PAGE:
From Handling the Truth: On the Writing of Memoir, by Beth Kephart:
Do you love? Are you still learning to love? How hard is this love thing, for you? It's not a question reserved for the young. It's a question for all of us, and it's a question we must repeatedly ask ourselves, especially when we're writing memoir. If we don't know what we love--if we're not yet capable of it; if we're stuck in a stingy, fisted-up place; if we're still too angry to name the color of the sun--it is probably too soon to start the sorting and stacking and shaping that is memoir. Maybe we haven't learned enough yet. Maybe we haven't sufficiently tempered our disappointment with grace. Maybe we haven't stopped hurting long enough to look up and see the others who hurt with us, who stand in our (it only seems invisible) community. Maybe we only have words right now for our mighty wounds and our percolating scars. And if that's the case, let's step aside, for those words alone are the stuff of litanies, screeds, judgments, and declamations; they're the stuff of long and lonely writing rides. You'll be looking at you, talking through you, talking about you, talking at me, and it'll all be bump and grind.
Call me sentimental; others have. Remind me that the world is dark and ugly, that people are cruel, that injustice reigns, that children suffer, that the wrong people win, the wrong people triumph. I know. I have been there. I have seen. I have lost to the infidels once or twice myself, and that woman--that woman with the short auburn hair and the bright red lipstick who laughed at how I danced and moved and talked, who called me old--she had no business making me feel like that, doubt like that, stop sleeping. Seriously, she didn't. But no memoir is worth reading if it is not leavened with beauty and love. And no memoirist should start her work until she can, with authority, write about the things she loves.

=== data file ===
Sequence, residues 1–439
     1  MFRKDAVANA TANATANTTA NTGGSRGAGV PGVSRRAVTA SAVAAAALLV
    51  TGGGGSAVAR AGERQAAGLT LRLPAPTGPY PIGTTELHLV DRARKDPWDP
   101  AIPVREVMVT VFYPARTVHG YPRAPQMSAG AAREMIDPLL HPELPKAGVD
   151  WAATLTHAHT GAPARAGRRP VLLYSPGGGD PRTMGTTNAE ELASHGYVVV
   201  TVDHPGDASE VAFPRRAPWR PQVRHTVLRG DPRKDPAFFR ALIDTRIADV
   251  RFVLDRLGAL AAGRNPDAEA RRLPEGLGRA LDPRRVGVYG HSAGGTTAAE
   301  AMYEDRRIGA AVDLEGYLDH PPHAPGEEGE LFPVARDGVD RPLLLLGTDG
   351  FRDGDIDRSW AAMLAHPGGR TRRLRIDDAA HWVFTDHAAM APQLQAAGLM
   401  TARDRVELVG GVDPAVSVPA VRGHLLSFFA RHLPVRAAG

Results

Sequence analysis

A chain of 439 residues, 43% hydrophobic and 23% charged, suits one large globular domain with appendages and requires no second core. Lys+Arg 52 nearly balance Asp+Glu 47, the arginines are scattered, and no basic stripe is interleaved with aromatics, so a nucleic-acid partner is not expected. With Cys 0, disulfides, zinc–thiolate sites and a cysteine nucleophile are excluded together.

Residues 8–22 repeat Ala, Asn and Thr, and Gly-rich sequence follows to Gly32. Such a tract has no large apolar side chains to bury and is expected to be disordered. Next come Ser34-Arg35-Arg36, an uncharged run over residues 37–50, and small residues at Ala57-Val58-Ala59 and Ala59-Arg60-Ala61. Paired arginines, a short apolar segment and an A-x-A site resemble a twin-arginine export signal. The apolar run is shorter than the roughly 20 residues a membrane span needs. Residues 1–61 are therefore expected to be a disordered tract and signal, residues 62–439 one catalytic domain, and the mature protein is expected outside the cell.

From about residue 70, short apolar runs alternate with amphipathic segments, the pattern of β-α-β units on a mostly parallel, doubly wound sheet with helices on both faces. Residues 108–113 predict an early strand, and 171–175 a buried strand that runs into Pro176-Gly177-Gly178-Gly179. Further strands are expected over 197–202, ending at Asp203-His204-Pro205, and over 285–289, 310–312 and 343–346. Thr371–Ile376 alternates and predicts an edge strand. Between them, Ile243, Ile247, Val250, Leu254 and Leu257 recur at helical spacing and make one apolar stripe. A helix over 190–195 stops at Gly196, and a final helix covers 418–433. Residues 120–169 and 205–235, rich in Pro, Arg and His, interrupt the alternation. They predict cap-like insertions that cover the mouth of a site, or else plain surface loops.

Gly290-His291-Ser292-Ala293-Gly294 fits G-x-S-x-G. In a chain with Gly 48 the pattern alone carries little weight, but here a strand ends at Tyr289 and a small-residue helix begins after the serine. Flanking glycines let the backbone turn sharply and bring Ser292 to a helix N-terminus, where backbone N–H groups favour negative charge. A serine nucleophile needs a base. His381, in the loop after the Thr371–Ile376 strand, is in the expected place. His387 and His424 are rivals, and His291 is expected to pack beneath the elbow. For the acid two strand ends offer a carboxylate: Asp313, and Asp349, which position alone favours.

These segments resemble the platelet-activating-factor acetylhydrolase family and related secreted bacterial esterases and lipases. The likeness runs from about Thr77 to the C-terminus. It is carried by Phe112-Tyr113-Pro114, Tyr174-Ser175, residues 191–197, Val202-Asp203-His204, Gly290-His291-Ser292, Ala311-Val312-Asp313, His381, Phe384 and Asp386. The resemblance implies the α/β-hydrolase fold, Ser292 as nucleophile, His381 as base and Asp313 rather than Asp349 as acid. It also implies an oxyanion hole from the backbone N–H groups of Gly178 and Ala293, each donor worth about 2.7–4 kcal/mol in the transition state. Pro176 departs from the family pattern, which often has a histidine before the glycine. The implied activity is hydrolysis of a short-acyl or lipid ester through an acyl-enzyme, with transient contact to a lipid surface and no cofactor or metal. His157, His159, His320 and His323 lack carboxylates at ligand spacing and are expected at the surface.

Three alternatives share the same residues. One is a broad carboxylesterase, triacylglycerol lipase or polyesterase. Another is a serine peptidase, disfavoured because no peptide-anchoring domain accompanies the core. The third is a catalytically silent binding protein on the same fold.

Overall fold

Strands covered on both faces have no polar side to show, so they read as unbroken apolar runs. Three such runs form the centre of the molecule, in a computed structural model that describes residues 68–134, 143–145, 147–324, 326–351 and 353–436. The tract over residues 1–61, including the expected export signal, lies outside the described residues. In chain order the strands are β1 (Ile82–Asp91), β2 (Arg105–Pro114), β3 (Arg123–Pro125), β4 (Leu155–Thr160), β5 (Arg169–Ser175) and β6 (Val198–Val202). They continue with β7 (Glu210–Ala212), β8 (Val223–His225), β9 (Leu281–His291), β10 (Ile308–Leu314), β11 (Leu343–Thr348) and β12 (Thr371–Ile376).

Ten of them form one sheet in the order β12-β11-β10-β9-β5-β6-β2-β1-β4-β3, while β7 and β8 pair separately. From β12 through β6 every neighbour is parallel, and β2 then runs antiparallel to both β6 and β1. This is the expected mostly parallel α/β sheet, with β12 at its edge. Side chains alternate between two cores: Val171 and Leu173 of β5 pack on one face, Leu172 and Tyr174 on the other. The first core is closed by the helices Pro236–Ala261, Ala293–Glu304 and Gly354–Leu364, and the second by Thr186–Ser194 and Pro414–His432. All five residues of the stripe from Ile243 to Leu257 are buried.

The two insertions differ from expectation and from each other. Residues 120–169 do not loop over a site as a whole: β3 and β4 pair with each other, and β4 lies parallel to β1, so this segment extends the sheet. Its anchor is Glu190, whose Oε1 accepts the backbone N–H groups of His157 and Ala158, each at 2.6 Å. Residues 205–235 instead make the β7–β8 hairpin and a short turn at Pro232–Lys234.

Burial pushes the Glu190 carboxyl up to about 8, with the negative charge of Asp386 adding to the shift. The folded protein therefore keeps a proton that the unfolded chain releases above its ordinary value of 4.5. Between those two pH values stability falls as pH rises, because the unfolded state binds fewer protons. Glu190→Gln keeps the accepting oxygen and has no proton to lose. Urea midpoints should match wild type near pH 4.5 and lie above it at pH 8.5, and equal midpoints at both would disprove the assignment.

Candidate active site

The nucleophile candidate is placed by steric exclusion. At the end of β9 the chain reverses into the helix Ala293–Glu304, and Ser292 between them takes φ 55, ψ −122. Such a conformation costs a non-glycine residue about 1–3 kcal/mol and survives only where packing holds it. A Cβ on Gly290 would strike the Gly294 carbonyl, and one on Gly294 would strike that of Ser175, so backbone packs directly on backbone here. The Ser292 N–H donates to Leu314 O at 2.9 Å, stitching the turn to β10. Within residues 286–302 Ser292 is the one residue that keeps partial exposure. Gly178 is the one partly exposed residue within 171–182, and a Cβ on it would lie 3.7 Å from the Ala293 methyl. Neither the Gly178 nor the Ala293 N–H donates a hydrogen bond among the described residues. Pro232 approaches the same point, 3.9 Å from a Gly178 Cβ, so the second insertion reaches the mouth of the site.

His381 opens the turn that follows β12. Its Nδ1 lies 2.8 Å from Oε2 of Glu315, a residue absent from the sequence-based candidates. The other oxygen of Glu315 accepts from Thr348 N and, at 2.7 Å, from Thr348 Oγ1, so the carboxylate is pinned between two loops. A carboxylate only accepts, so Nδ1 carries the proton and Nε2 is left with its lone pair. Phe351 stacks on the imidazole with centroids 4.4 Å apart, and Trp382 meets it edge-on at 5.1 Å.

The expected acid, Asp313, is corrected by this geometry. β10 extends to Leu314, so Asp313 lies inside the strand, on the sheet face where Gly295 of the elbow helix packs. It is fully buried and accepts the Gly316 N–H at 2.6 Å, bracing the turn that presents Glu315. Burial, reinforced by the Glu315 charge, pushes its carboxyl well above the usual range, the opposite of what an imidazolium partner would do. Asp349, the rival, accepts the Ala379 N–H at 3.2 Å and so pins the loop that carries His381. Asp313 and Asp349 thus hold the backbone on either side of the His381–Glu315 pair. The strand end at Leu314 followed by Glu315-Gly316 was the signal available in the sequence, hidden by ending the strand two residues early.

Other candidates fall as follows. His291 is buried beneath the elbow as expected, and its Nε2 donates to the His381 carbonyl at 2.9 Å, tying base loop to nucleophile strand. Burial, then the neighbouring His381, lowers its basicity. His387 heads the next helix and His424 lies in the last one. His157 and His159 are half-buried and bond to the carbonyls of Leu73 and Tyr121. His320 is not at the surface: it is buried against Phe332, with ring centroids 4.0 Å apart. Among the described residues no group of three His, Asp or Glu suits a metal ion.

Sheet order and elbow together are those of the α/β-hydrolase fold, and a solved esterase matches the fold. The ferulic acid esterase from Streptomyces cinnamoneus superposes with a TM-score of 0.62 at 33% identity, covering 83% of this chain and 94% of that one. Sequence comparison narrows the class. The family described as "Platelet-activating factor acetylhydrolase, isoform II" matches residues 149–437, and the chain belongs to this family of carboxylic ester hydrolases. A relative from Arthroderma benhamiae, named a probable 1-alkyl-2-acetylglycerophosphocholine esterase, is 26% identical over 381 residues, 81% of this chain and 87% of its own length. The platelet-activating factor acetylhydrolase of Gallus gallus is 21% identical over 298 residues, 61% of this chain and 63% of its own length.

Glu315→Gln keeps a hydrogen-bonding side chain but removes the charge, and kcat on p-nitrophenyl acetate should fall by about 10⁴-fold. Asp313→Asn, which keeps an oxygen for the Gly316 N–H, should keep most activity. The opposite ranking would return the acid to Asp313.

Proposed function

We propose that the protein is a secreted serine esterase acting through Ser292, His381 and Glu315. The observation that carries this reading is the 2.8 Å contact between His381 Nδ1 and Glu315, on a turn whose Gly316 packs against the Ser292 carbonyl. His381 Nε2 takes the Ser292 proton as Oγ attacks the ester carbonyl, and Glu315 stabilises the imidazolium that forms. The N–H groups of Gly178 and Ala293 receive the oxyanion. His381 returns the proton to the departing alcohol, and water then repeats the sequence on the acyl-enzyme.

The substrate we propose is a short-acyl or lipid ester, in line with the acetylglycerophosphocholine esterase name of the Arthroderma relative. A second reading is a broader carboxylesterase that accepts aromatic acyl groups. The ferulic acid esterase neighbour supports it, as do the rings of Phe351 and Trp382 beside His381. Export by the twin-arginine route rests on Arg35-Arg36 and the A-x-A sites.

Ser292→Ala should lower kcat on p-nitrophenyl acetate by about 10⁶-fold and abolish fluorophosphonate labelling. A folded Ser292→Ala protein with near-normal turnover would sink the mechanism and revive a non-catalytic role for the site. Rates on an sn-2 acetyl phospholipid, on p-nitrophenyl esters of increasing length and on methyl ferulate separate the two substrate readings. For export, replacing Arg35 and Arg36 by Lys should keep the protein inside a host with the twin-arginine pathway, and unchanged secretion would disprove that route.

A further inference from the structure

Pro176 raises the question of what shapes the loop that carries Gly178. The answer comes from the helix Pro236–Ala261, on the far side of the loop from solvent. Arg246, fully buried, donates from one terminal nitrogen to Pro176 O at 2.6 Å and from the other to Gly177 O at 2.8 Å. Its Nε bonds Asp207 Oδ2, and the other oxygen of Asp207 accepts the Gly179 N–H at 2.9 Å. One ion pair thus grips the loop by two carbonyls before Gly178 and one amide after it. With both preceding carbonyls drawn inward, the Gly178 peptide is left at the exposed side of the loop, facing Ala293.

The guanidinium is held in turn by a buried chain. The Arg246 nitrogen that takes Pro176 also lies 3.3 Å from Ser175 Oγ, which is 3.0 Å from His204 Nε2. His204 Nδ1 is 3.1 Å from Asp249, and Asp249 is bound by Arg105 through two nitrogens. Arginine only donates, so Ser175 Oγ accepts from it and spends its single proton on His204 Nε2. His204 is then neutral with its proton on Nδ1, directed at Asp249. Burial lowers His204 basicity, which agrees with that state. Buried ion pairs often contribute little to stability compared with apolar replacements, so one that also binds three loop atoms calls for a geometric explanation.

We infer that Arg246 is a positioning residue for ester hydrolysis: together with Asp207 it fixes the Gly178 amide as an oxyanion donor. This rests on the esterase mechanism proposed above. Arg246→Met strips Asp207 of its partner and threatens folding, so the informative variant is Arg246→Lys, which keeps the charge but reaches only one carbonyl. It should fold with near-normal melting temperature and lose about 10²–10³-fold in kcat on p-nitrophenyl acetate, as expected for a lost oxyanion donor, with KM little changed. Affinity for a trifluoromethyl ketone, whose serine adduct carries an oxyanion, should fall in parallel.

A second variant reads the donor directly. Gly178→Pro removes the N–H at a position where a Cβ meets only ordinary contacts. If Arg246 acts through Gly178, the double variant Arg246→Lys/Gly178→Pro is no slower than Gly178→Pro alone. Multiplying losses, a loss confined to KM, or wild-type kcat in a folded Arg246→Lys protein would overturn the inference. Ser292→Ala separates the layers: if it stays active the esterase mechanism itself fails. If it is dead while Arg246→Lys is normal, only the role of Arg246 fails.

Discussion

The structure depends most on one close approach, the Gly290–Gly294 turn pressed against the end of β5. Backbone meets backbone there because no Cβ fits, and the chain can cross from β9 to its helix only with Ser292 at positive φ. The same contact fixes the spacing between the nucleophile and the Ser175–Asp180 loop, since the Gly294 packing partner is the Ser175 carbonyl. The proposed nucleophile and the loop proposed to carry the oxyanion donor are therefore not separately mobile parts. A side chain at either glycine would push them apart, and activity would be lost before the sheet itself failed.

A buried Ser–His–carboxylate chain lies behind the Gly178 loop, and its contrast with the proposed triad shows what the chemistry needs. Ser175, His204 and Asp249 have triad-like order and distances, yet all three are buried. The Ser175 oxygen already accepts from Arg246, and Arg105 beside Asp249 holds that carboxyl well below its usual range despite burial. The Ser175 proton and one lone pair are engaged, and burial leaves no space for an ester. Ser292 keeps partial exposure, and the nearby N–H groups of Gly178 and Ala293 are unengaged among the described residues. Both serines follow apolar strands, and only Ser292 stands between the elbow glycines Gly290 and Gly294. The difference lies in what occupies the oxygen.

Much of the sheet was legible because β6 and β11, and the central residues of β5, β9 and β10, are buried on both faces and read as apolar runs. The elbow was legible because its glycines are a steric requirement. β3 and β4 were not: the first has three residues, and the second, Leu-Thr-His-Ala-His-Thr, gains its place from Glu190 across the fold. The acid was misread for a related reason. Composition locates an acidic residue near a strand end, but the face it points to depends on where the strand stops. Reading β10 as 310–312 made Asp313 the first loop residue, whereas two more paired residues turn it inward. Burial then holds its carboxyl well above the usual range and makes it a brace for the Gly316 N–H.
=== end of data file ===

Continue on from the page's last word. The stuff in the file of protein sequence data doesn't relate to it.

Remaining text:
. . . By the way: If anyone calls you sentimental while you sit there locking language to love, remind him that love is the hardest thing we do, the most complicated, riddled, as it is, with guilt and forgiveness, anxiety and insecurity, our supremely human need for redemption. Tell him that hate, anger, retribution, and clenched jaws are going-nowhere stories, undirectional shouts. Tell him that love is where life stories start, no matter what one is writing about.
A great sigh escaped me right after I read those pages. I set the book down, its edges swollen and curled from its dunk in the bathtub fifteen minutes earlier, and picked up my glass of sauvignon blanc. I took a deep sip, feeling an exhilarated sort of relief ease the stiffness in my ever-straight shoulders. I reread the whole section out loud. Then I took photos of each page and group texted them to my team. The next day, I typed them out and emailed them individually to every one of our editorial staff, every one of our current authors.
Of course, I have to ask myself why this reading resonated with me so strongly. The simplest way I can explain it is that it gave me permission--one I didn’t even know I was seeking--to embrace the natural way I look at the world. I will always notice the flecks of gold in someone’s eyes before I notice the heavy bags beneath them. I will always encounter stories of gruesome choices, painful regrets, with attempts at understanding. I’ve joked before that if someone were to tell me he killed a person, my first response would be, “Why?”
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This does not mean that I blind myself, that I refuse to acknowledge suffering in my life or in my writing, that I don’t believe we are all capable of great wrong. I have suffered. I have caused suffering. We all have, and it’s crucial to admit it, explore it, sift through and challenge one another to talk about it. But I believe that beneath the split-second decisions that often separate us, before the experiences that often define us, despite the circumstances that differ between us, what binds us is love. Sometimes even in its absence.